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Just been listening to Dr Paul Zak who has been doing much of the recent research in oxytocin, trust, social phobic anxiety etc.

Interesting...He finds that oxytocin is not "stored" but made immediately as and when the person or animal encounters triggers for its release. Also, he finds that not only is there variation between people in their release of oxytocin, but, also in their ability to be affected by it. He suspects that some people may have less or impaired receptors for oxytocin, so, even if these people enounter triggers, and then release oxytocin, it may not be able to exert quite the same or as strong an effect.

Using my own personal experience, I would suggest to researchers, that they study if there are differences in these less receptive people depending on the trigger??? There are many triggers;


breast feeding



care and attention/assistence from carers, non-threatening eye contact

petting animals and caring for animals

I suspect, there will be differences....In ASDs maybe infants are less able to use oxytocin from the parental care per se, or maybe because sensory issues make it uncomfortable. But, maybe as their nervous system develops they might then be more able, but, unfortunately, their short history has already changed the way carers interact with them, and also they have conditioned associations that still make them less inclined to elicit parental care, attention, touch...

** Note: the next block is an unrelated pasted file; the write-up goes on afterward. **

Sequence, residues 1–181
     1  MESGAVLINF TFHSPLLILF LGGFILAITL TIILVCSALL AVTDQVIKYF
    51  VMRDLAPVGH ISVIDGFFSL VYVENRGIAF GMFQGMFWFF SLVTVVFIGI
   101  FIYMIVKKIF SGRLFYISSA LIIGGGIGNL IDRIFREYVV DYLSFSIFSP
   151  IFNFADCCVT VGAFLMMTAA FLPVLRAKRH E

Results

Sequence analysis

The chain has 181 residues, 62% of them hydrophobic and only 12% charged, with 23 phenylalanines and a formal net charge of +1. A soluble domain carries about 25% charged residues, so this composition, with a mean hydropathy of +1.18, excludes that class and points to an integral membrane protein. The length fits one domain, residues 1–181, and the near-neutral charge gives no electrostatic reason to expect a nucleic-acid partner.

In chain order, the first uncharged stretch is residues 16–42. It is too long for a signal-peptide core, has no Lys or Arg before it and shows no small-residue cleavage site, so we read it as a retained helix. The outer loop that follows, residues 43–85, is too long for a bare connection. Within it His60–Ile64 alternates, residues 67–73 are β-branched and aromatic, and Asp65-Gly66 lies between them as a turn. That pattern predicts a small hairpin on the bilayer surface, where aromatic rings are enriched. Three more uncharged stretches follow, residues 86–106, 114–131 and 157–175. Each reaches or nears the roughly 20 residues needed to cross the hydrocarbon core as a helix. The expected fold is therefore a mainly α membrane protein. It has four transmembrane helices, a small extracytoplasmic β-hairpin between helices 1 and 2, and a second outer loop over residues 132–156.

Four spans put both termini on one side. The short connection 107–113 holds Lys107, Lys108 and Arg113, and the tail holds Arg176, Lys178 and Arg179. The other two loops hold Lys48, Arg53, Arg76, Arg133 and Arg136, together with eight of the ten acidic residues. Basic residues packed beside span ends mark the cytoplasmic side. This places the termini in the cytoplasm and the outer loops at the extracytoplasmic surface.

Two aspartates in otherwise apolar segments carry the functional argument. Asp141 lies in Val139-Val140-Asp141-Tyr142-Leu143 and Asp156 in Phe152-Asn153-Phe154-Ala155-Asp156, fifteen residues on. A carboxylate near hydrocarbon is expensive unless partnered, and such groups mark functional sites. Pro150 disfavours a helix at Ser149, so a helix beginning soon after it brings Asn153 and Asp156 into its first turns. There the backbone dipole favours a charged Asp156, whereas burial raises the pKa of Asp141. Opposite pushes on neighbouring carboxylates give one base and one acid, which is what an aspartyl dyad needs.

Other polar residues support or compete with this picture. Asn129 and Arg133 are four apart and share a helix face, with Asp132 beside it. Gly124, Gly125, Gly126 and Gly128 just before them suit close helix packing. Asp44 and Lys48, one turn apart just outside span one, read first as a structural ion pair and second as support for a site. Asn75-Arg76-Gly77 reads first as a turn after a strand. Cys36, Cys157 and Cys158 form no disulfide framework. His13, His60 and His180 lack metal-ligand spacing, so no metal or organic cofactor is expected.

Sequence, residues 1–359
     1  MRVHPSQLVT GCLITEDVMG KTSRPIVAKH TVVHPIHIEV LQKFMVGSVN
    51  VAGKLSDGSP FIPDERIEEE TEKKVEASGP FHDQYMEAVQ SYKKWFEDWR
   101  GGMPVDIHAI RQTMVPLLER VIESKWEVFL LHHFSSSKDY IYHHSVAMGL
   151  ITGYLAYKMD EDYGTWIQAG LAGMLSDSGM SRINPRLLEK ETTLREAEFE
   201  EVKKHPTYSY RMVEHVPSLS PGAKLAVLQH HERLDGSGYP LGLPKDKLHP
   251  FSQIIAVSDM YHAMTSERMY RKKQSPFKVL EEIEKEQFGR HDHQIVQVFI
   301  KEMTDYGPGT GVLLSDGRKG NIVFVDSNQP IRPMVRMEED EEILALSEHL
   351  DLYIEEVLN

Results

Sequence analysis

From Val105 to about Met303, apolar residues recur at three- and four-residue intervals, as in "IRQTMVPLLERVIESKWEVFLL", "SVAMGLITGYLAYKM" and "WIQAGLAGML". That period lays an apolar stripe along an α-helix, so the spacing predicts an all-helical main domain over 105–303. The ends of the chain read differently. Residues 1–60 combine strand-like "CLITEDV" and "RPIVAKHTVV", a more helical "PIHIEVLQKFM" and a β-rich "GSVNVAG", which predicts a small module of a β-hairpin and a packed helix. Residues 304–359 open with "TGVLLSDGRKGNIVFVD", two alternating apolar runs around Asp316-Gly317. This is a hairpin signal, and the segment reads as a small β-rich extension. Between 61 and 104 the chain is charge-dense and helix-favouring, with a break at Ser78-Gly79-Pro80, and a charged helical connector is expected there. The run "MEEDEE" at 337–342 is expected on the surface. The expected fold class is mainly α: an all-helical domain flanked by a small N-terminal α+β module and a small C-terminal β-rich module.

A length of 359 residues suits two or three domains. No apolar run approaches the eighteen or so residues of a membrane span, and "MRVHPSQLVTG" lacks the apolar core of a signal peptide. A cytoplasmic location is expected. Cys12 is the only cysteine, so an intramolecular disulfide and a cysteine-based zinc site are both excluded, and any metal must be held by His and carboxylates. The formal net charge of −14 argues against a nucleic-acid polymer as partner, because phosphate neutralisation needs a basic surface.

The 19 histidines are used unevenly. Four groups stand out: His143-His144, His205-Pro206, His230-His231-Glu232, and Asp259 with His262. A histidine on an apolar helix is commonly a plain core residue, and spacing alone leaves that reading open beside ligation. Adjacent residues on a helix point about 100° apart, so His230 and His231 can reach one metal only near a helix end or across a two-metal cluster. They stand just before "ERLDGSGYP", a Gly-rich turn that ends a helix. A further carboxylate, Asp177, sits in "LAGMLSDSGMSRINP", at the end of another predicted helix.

I suspect, the triggers could be put into groups..

eg, biological triggers that are older in evolutionary terms, such as birth, breastfeeding  and sex.

social triggers that maybe less old in evolutionary terms, such as, shared attention, care, eye contact, talking, singing...

And maybe an inbetween category?? Maybe social grooming that is physical, and also taking care of pets??

Just exploring thoughts, I hope this is part of what blogs are for??

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